Russia's detention of US citizen and Wall Street Journal correspondent Evan Gershkovich has prompted a very rare phone call between Secretary of State Antony Blinken and Foreign Minister Sergey Lavrov.
Given that Gershkovich is facing spying accusations, this makes the case significantly bigger and higher stakes than the prior long-running Britney Griner imprisonment and prisoner swap saga. Any espionage-related conviction would likely bring a prison sentence of at least 20 years, or possibly even life in prison, for the 31-year old journalist.
"Secretary Blinken conveyed the United States’ grave concern over Russia’s unacceptable detention of a U.S. citizen journalist," an official US readout of the Sunday call states. "The Secretary called for his immediate release."
The FSB security service had described that Gershkovich was caught 'illegally' gathering "classified" information on a sensitive government-linked defense company. The White House slammed the accusation and detention as "ridiculous".
Blinken had also used the opportunity of the phone call to once again demand the release of former Marine Paul Whelan. Controversially, he had been left out of the Griner and Viktor Bout prisoner swap (Bout has been dubbed the "merchant of death" given he was a global arms trafficker), which aroused considerable public anger directed at the Biden administration in the US.
As for Lavrov, he alleged the US is seeking to politicize the case of the Wall Street Journal reporter. According to statements from the Kremlin side:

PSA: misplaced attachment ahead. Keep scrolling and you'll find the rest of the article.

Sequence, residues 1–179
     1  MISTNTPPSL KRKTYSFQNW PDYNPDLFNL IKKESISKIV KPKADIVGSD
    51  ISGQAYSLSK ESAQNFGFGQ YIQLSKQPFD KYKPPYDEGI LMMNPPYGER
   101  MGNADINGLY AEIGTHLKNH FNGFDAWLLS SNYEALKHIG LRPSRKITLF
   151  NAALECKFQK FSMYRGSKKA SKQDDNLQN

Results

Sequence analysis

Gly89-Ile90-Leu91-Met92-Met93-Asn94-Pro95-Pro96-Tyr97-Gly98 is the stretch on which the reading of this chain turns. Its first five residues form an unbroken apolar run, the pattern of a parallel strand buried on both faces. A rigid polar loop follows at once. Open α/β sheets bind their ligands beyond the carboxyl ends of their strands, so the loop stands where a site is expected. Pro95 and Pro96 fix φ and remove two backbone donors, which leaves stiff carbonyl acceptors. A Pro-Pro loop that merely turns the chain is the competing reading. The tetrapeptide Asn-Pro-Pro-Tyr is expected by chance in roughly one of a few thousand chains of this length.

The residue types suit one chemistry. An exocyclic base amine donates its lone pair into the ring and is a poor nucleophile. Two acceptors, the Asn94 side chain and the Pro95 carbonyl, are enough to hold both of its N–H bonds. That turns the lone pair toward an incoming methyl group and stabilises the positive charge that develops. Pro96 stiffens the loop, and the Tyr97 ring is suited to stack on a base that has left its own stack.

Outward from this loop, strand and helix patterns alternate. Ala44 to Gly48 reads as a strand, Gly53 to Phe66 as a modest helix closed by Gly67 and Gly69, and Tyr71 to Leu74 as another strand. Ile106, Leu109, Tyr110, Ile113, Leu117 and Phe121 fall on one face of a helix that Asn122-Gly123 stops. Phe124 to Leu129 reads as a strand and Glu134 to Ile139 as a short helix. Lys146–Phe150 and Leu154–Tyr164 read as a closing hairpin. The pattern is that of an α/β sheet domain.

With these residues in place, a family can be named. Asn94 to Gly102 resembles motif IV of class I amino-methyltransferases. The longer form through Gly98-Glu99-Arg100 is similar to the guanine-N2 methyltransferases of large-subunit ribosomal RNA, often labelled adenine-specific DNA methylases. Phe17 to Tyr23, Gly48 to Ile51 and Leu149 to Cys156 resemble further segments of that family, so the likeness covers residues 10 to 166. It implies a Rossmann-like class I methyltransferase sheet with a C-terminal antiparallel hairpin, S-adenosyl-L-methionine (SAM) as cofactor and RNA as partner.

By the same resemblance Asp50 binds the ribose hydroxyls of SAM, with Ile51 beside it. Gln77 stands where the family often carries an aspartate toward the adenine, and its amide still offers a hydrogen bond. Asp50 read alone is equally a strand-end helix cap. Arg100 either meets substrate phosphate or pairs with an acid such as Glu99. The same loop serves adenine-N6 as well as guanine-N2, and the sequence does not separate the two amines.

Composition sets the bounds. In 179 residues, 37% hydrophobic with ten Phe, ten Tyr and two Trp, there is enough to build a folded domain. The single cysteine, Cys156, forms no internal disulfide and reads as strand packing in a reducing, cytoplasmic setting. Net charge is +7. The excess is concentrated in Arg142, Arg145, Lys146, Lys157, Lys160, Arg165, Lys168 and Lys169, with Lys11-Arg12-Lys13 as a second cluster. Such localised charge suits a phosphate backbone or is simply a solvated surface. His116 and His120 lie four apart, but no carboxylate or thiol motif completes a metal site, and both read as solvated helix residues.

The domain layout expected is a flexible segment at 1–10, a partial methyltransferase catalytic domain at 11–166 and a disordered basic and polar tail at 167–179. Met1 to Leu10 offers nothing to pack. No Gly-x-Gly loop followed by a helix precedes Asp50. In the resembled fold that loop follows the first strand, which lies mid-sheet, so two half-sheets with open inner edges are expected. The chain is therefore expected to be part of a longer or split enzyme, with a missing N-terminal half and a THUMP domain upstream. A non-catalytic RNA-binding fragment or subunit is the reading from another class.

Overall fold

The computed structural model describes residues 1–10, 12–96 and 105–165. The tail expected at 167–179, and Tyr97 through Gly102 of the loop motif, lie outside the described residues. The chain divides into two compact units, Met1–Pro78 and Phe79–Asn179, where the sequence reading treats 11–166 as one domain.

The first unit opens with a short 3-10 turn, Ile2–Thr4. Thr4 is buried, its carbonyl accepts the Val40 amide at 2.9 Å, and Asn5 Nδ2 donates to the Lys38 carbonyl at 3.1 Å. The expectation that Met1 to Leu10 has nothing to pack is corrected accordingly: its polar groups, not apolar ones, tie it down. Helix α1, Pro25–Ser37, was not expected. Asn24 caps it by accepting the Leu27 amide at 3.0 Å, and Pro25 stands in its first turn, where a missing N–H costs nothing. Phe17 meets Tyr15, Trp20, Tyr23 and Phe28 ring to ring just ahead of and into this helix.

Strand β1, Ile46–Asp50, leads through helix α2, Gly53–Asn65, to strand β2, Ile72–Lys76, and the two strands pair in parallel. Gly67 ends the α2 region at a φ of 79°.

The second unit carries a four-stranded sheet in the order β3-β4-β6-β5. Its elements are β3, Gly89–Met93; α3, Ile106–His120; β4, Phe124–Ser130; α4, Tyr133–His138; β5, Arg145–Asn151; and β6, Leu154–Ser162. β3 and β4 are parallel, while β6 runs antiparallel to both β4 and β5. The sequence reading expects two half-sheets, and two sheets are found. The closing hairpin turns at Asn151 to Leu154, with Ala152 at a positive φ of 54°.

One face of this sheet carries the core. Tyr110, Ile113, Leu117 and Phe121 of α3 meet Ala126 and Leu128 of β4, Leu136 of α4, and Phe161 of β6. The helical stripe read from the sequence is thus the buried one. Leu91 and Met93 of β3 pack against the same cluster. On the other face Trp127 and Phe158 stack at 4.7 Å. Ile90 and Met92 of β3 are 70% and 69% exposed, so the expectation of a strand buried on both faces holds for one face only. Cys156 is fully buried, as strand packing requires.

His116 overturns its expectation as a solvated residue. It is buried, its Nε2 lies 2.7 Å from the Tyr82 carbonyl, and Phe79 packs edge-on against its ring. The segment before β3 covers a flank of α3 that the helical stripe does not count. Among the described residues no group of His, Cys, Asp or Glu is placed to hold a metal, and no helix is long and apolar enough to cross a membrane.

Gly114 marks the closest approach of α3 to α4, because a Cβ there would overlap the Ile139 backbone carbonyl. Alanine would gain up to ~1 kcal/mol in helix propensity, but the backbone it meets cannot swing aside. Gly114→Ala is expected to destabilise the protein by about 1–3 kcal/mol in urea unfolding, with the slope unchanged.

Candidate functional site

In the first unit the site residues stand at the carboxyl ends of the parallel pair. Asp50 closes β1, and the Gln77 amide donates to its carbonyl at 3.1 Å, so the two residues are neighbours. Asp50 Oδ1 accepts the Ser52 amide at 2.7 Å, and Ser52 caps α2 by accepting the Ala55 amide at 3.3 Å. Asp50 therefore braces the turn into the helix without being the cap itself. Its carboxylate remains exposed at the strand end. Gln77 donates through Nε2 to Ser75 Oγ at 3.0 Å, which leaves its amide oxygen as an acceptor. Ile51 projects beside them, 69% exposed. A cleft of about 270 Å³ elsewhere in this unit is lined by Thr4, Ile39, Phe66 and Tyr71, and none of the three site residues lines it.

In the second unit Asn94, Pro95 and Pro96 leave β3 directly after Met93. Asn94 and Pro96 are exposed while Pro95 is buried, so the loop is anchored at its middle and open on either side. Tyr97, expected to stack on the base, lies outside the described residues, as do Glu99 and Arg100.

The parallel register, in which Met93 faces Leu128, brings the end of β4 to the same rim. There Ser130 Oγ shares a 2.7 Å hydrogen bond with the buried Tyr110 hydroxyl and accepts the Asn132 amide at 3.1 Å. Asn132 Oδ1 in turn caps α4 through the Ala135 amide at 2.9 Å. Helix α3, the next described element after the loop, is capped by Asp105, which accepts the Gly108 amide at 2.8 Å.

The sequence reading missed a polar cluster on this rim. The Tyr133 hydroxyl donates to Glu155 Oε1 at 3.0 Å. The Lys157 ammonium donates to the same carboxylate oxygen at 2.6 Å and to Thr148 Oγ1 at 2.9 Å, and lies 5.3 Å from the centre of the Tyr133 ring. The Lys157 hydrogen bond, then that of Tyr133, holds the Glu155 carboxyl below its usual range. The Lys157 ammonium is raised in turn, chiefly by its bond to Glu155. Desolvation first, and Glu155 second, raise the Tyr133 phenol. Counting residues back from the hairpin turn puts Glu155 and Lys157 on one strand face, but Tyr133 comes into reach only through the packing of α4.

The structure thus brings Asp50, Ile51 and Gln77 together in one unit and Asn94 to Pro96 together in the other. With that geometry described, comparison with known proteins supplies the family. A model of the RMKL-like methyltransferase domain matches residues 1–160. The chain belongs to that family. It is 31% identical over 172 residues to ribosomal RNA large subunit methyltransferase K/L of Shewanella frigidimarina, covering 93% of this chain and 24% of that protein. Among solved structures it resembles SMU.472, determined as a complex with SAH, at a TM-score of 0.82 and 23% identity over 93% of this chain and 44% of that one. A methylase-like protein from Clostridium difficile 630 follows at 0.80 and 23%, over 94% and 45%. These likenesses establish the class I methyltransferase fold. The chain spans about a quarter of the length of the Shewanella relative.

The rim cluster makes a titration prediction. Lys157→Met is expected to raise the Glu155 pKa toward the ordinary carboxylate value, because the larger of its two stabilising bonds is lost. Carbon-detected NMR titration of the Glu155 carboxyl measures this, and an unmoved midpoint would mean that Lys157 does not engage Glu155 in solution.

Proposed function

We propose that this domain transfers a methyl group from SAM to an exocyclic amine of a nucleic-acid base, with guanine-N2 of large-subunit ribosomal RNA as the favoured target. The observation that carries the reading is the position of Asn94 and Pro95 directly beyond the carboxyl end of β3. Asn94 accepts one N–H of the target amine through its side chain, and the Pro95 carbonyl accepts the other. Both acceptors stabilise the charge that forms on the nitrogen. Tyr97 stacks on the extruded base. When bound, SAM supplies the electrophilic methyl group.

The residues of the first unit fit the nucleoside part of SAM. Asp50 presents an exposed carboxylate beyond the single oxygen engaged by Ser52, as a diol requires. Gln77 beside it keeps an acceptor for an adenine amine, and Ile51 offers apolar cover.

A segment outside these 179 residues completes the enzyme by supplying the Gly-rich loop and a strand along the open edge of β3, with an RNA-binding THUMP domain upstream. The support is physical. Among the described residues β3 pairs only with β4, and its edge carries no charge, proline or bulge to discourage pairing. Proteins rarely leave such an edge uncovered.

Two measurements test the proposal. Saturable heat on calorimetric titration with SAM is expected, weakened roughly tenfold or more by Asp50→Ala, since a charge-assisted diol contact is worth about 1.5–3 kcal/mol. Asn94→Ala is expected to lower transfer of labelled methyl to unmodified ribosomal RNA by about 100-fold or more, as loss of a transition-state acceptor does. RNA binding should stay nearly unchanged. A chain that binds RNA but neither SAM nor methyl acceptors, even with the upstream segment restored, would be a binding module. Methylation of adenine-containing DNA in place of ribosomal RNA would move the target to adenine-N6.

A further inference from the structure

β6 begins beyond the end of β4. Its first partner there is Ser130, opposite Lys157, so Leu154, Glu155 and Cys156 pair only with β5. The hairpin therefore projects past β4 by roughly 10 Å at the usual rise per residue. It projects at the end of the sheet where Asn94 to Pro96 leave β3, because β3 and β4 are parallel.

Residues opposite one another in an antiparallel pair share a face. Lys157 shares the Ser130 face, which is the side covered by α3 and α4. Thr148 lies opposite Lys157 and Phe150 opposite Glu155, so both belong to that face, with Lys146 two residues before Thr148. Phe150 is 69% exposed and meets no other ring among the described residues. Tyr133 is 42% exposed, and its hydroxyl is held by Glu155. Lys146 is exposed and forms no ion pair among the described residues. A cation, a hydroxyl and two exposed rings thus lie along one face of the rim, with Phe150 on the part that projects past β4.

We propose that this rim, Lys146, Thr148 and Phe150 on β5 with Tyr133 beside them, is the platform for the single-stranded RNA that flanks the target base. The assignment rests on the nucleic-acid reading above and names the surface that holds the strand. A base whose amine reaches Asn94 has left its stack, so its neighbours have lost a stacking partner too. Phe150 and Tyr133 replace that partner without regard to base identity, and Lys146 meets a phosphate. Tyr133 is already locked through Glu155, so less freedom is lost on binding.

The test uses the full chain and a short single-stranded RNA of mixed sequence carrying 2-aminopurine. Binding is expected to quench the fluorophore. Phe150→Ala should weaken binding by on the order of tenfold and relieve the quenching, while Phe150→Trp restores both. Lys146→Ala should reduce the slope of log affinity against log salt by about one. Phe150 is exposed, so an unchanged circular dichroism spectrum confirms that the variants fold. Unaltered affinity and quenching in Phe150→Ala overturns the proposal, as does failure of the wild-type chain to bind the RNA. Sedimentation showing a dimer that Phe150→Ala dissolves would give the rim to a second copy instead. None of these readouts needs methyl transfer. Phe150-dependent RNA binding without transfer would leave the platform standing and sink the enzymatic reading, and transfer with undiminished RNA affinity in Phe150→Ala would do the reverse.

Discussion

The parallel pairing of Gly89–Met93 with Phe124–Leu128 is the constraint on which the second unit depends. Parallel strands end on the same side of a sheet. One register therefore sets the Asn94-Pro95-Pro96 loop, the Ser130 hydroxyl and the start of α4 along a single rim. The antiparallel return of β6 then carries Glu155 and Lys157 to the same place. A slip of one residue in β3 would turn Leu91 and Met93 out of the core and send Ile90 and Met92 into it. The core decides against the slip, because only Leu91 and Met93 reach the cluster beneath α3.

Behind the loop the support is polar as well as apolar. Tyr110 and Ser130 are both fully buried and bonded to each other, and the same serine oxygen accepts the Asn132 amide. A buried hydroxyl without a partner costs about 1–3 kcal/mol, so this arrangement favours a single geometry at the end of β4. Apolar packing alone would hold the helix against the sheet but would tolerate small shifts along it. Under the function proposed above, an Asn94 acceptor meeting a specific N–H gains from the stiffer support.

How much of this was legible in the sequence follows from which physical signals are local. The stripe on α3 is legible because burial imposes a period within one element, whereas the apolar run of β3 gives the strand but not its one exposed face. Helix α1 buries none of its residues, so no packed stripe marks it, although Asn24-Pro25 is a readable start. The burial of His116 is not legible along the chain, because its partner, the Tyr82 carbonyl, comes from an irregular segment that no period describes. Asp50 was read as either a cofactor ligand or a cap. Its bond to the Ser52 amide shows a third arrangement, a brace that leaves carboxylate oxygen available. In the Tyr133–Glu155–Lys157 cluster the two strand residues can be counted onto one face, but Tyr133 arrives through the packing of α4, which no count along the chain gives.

"Blinken's attention was drawn to the need to respect the decisions of the Russian authorities, taken in accordance with the law and international obligations of the Russian Federation," the Russian foreign ministry said.
"It was emphasized that it is unacceptable for officials in Washington and the Western media to whip up a stir with the clear intention of giving this case a political coloring," the ministry added, saying Blinken initiated the conversation.
In the wake of the arrest, the US State Department and its embassies abroad urged all American citizens to not travel to Russia for any reason.
.@emmatuckerWSJ on a timeline for establishing communication with detained reporter Evan Gershkovich: “We are hopeful that a lawyer will get to see him next week…I'm optimistic that we'll be able to make some sort of contact with him next week. But who knows.” pic.twitter.com/ICV1buJbRX— Face The Nation (@FaceTheNation) April 2, 2023
The Russian government has been accused - particularly since the start of the Ukraine invasion in February 2022 - of detaining Americans in order to use them as bargaining chips to get major concessions from the US and Europe, and to gain the release of detained Russians held in the West.
Gershkovich is currently in pre-trial detention at Moscow's Lefortovo prison. Wall Street Journal Editor-in-Chief Emma Tucker has decried the "complete outrage" of his arrest, calling the accusations of spying "utter nonsense".